Consultants Feel Ripple Effects of Defense Budget Uncertainty
But the policy and budget gridlock in Washington, D.C., has put consulting firms in the unfamiliar position of having to persuade clients that their expert advice should not be viewed as an expendable commodity.
“We are in the direct line of fire in all of this uncertainty,” said Marvin Sambur, a former assistant secretary of the U.S. Air Force for acquisitions, who recently became president and chief executive officer of Burdeshaw Associates Ltd., a professional services firm in Bethesda, Md.
In an interview, Sambur spoke of the current business environment as “difficult” for professional services firms because of the foggy business climate. Defense and aerospace companies that do business with the government, which make up the bulk of Burdeshaw’s client base, are sitting on the sidelines as they wait for Congress and the next administration to strike a budget deal so federal agencies can begin to make spending and contracting decisions.
Defense contractors, particularly, are fretting over looming budget cuts — mandated by the 2011 Budget Control Act — that could slice more than $50 billion from next year’s Pentagon budget. Lawmakers have hinted that they might find a way to avert or delay the cuts over the lame-duck session after the November election. Since the BCA passed more than a year ago, contractors have scaled back hiring and spending on everything from marketing to outside consultants.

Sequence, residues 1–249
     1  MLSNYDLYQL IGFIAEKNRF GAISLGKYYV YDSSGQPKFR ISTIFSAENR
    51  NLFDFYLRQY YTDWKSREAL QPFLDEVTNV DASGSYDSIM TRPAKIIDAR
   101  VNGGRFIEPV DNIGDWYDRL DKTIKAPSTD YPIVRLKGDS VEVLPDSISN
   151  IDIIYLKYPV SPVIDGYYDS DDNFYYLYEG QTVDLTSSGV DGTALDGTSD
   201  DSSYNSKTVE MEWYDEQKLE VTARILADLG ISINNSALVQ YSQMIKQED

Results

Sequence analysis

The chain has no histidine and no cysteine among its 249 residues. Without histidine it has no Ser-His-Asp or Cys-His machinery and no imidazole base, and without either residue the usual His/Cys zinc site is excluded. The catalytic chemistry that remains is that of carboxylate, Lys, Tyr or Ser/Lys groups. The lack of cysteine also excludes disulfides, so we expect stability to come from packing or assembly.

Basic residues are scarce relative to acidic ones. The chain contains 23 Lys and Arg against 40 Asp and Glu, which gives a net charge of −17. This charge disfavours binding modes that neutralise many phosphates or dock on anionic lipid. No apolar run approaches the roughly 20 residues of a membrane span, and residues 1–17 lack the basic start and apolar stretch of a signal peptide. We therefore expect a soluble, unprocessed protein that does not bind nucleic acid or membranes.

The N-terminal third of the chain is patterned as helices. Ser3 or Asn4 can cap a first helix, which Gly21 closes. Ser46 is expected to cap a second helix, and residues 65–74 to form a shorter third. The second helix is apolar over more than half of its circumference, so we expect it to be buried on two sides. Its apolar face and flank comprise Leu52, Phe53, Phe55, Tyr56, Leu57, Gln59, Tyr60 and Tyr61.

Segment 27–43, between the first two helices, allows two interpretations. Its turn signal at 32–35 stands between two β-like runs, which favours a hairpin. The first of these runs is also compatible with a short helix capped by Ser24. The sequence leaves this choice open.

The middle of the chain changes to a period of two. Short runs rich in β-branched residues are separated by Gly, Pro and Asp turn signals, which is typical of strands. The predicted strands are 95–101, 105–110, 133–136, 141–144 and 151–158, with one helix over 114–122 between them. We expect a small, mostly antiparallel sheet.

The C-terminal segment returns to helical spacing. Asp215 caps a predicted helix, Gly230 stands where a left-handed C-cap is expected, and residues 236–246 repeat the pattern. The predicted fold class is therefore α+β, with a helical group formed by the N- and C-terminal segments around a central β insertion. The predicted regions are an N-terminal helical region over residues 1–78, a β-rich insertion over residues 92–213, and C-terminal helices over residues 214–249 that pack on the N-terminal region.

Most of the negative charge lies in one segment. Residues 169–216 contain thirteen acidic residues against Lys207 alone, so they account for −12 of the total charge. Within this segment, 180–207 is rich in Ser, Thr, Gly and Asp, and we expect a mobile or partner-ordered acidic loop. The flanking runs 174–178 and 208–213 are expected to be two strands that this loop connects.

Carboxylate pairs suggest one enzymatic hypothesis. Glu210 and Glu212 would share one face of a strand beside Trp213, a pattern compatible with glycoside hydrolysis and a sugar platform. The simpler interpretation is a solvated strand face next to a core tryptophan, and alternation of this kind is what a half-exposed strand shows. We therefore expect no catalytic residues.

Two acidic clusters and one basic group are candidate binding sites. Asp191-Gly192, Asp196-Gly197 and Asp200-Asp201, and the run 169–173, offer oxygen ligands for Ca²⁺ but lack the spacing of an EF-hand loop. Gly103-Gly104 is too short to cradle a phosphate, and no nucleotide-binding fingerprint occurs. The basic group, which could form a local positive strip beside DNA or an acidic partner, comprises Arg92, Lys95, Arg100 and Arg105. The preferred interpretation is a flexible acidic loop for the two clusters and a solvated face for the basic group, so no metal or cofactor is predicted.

“Today, we see a paralysis,” said Sambur. “Companies are not sure which way to go.” As a result, the “safest bet right now is to not hire consultants,” he added. “Clients are frightened about spending money without knowing which direction the Defense Department is going to go.”
As he takes over Burdeshaw, whose former CEO was retired Army Gen. William Hartzog, Sambur said he is confident the company will not just weather the fiscal storm but also will see its business grow once companies realize that they need “honest brokers” to help them through the uncertain times.
Sambur’s marketing strategy for BAL is to convince clients that they “need consultants more than ever,” he said. “Unquestionably, these are highly stressed times for companies working in the government marketplace,” he said. As a result, “companies need to be focused on keeping their programs sold … they need to rapidly identify opportunities and strengthen their pursuit and capture of programs, while simultaneously being astute in planning for future realities,” he said.
Sambur insisted that defense contractors need outside help from experts who understand "how the building works," he said. Contractors will be challenged as Defense Department buyers contemplate whether to cancel or curtail procurements of new equipment, said Sambur. “It’s not enough to say a program is important but you also have to present options to mitigate risk and cost.”
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